EQUITY-FOCUSED: Boards play a critical role in helping organisations understand the context in which they work and how best to prioritise resources and strategies based on that reality. An awareness of how systemic inequities have affected our society and those an organisation serves enables boards to avoid blind spots that can lead to flawed strategies, and creates powerful opportunities to deepen the organisation’s impact, relevance, and advancement of the public good.
Prioritising 'Diversity and Inclusion'
For a board to perform at its highest level, board diversity, and inclusion needs to be approached as a top priority. Boards have to stop relying on their traditional practices that are based on recruiting from within the inner circles of those currently on the board and recruiting from the same stream of leaders that circulate on boards throughout the corporate community in Papua New Guinea. These practices serve to ignore the wider pool of eligible board candidates in the country.
Setting and Achieving DEI Targets
It’s one thing to put out a statement about committing to diversity, equity, and inclusion. It’s entirely another matter to get the ball rolling and monitor your organisation's progress toward it. While making advancements to expand diversity and inclusion, a formal values statement around diversity, and inclusion is a good first step, and you don’t have to stop there.
In creating your annual strategic plan, be sure to include specific goals for incorporating diversity and inclusion into every aspect of your company's work and monitor them for progress. A good place to begin is with your board. Diversity within your organisation begins at the top. As you look around the boardroom, can you affirm that your board is inclusive and represents a broad demographic of people?
From there, can you see evidence that diversity and inclusion extend to your staff, volunteers, committees, vendors, suppliers, and partner organisations? If not, it’s time for your board to start discussing how to translate your commitment to diversity and inclusion into action. An excellent place to start is with your hiring and recruitment practices.
With the benefit of professional development, your company may be able to draw out budding talent that could benefit your organisation. A few ways to implement professional development are to provide opportunities for education, advancement, leadership training, and mentorship programs. Proactively identify people that have high potential and match them with seasoned professionals with stellar reputations.
Beyond identifying diverse populations to serve within your organisation, it is crucial to communicate the opportunities they have to serve on your board or committee. Boards should be encouraging these individuals to express their interest in being involved or taking on leadership positions.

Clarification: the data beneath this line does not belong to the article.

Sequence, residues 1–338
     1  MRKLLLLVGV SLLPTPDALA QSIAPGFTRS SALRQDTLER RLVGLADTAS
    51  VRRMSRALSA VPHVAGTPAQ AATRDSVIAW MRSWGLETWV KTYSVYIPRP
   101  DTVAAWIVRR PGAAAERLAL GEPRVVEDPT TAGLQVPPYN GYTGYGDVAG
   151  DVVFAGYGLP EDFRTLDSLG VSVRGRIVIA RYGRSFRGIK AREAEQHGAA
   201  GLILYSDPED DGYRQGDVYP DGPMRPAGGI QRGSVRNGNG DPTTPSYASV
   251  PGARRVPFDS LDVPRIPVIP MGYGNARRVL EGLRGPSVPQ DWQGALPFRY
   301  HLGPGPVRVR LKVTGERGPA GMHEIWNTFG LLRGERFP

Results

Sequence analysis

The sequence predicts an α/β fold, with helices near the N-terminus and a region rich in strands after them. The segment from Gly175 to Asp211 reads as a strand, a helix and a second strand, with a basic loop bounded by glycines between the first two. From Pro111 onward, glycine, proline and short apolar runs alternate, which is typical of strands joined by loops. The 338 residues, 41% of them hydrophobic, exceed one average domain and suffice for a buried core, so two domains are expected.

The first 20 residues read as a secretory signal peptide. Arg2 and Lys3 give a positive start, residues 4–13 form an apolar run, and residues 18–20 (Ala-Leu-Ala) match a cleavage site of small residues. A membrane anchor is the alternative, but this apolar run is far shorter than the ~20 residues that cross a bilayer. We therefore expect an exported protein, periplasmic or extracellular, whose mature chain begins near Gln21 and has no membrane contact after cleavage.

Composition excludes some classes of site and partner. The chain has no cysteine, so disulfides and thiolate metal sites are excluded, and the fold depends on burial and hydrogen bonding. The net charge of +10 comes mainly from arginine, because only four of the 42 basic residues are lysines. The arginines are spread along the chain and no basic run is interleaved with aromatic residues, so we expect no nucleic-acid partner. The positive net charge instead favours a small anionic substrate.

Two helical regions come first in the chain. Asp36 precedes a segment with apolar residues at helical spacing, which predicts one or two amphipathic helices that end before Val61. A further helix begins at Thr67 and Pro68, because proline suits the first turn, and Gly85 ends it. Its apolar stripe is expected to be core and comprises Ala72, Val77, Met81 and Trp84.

The baby boomer generation is retiring from the workforce in record numbers. As they transition out of their fields, they provide a minefield of knowledge and experience for diverse, marginalised individuals who are thirsty to demonstrate their talents and abilities. By tapping into the baby boomers as a resource for finding mentors, your organisation gains the potential to mentor people internally and prepare them for leadership positions within your company.
Above all, your board should consider that fostering a culture of inclusion is a continual process. Your commitment to diversity and inclusion must extend to accepting diverse opinions, perspectives, and lifestyles, in word and deed.
Making a Commitment
Identify specific DEI strategies that your organisation and board will commit to and create a plan for how you will alleviate barriers and create access. Effective DEI strategies will help better support employees, build culture, and create a thriving business.
Continually track and measure your efforts against your DEI action plan to maintain your focus on how you’re progressing toward these goals. It’s best to assign this task to a key committee or create a specific committee that will have the planning and oversight responsibility. Don't expect the work to be accomplished through a one-session training or retreat.
It’s not unusual to become complacent, impatient and to lose your momentum over time. The practice of monitoring your performance and ensuring regular accountability reviews will ensure that you stay the course. Through prioritising diversity, equity, and inclusion, your board is committing to transformational work that will benefit your organisation and build value.
Intent and Impact
While many companies have been putting diversity, equity, and inclusion into greater focus over the last few years, there is still significant room for improvement. Boards need to take this opportunity to not only continue the conversation, but to implement and uphold more impactful strategies to see real, lasting change within their respective organisations.
Studies have shown that companies with pro diversity policies performed better and had greater resilience during crises. The reason for this is clear: more diverse companies have greater levels of innovation.
Request for Comment
We define diversity as a measure of difference in identity; things like gender, ethnicity, age, sexual orientation, ability, or religion. Inclusion is a respect for and appreciation of these differences – the deliberate act of welcoming and valuing diversity and equity.
Would you like to see different identities serving on boards in PNG?
Do you think that setting diversity targets will address the prevalence of homogeneous boards?
Can we realistically elimiate group-think and unconscious bias on boards?
Do you believe we can achieve gender parity on boards by 2030?